John H. Biggs Distinguished Professor of Economics, Washington University in St. Louis
David K. Levine is John H. Biggs Distinguished Professor of Economics at Washington University in St. Louis. He is a fellow of the Econometric Society, research associate of the NBER, and managing editor of NAJ Economics. His scientific research is supported by grants from the National Science Foundation. He is the author with Michele Boldrin of Against Intellectual Monopoly, with Drew Fudenberg of Learning in Games and the editor of several conference volumes. He has published extensively in professional journals, including The American Economic Review, Econometrica, The Review of Economic Studies, The Journal of Political Economy, The Journal of Economic Theory, The Quarterly Journal of Economics, and The American Political Science Review. He previously taught at UCLA where he held the Armen Alchian Chair in Economic Theory and occasionally served as Chair of the Department. He has served as President of the Society for Economic Dyamics, as co-editor of Econometrica, Economic Theory and the Review of Economic Dynamics, as member of the American Economic Association Honors and Awards Committee, as member of the Sloan Research Fellowship Program Committee and as panelist for the National Science Foundation. He was program co-chair of the 2002 North American Summer Meetings of the Econometric Society, has served on various committees of the both the Econometric Society and American Economic Association. He has worked as research consultant for the Federal Reserve Bank of Minneapolis, helped found the journal Theoretical Economics, and was founding co-director of the CASSEL and MISSEL experimental laboratories.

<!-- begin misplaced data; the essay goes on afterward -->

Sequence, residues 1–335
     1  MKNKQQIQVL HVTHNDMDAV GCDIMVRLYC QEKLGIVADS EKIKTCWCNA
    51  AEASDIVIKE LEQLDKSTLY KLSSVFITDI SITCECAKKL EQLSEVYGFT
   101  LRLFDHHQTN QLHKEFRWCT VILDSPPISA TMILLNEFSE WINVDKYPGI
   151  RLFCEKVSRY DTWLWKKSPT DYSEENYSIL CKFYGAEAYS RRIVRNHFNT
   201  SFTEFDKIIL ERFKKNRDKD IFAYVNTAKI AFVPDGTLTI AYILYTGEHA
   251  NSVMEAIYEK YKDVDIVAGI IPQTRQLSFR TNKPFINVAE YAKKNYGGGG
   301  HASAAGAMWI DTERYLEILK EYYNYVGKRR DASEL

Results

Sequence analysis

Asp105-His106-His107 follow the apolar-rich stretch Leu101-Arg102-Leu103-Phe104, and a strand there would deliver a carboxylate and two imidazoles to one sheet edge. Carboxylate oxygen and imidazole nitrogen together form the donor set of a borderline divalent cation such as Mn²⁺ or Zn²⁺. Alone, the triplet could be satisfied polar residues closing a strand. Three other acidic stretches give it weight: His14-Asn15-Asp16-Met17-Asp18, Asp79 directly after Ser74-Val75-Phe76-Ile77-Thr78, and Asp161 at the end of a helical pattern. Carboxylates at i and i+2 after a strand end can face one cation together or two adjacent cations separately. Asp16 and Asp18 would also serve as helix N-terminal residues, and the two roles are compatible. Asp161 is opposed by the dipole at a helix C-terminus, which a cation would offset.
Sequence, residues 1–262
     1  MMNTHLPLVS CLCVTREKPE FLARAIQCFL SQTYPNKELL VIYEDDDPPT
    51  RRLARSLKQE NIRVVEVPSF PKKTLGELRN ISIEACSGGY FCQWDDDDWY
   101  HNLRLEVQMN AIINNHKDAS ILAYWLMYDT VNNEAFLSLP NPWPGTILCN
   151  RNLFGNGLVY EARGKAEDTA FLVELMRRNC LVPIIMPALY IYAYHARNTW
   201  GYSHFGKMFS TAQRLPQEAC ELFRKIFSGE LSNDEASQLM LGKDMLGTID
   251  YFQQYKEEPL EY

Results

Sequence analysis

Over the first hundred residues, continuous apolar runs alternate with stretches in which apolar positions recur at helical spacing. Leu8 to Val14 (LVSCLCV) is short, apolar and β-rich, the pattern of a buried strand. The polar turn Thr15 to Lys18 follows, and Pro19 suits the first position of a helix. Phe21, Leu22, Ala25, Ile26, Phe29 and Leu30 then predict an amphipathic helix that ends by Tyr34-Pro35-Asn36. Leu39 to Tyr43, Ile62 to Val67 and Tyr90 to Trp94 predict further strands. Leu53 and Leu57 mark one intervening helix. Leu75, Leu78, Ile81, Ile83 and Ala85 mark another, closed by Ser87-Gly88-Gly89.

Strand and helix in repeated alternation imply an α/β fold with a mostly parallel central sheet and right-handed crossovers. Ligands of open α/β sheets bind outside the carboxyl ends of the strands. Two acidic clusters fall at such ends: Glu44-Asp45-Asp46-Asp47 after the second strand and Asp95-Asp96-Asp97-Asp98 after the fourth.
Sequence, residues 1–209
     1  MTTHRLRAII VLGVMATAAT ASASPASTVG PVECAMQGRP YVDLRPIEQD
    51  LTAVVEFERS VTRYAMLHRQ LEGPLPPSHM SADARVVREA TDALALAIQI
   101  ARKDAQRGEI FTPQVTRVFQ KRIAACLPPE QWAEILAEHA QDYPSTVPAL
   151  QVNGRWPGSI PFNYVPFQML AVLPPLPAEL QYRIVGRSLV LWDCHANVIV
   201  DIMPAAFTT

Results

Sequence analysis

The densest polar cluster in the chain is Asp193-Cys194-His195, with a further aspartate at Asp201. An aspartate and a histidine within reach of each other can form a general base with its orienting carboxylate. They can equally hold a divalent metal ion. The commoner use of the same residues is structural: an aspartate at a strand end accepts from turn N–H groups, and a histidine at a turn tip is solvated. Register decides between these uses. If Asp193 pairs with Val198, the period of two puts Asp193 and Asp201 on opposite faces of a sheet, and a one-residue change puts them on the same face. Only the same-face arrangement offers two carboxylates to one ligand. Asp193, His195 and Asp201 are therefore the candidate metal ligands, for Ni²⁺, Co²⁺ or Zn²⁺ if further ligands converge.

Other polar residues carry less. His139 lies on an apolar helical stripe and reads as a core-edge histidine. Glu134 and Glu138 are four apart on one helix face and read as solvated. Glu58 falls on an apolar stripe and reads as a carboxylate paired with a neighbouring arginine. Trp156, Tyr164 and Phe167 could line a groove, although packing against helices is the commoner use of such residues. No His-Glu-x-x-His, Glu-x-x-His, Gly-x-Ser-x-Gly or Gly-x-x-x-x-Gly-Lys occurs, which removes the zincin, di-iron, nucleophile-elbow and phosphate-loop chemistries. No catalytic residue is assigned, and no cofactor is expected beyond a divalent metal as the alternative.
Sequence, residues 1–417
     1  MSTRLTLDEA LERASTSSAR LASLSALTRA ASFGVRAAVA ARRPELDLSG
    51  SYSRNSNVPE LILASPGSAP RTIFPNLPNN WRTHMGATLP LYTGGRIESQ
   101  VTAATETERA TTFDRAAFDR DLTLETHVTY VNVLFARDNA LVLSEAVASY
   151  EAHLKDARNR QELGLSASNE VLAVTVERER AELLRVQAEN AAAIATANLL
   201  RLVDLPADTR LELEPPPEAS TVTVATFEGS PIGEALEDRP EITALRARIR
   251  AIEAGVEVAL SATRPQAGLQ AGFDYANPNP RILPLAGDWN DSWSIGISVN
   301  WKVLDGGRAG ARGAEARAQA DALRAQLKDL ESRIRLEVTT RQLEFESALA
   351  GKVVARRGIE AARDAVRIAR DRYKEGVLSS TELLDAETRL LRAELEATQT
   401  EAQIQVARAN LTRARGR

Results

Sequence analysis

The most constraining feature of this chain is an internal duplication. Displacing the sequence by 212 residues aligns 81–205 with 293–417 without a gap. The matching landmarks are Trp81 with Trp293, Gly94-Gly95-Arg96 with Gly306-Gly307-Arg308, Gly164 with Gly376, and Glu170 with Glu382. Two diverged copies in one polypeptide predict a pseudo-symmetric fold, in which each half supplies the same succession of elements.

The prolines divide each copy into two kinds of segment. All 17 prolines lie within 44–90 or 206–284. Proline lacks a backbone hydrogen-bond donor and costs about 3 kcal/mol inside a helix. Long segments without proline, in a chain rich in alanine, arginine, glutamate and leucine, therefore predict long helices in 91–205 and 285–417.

Professor Levine's current research interests include the study of intellectual property and endogenous growth in dynamic general equilibrium models, models of self-control, of the endogenous formation of preferences, institutions and social norms, learning in games, and the application of game theory to experimental economics. At the graduate level, his teaching focuses on economic dynamics; at the undergraduate level, he teaches intermediate level microeconomics, focusing largely on elementary game theory.
Professor Levine received his undergraduate degree in Mathematics from UCLA in 1977, and was the recipient of the Daus Prize. At the same time he received a Master's degree in Economics. His graduate training was completed with a Ph.D. in Economics at MIT in 1981. His dissertation examined learning in repeated games. In addition to teaching at UCLA since 1981, Levine taught at the University of Minnesota in 1987-88 and visited at CalTech in 1990-91. He has presented seminars around the world, and has visited at Cambridge University, the University of Western Ontario, Carlos III University, Tel Aviv University, Torcuato Di Tella University, the University of Texas, Austin, the Chinese University of Hong Kong, Seoul National University and the University of Pennsylvania. He has made presentations to numerous government connected agencies, including the International Monetary Fund, the Bureau of Labor Statistics, the Canadian Ministry of Industry, the Canadian Ministry of Finance, and the Uruguayan Central Bank, and at private institutions, such as the Cato Institute.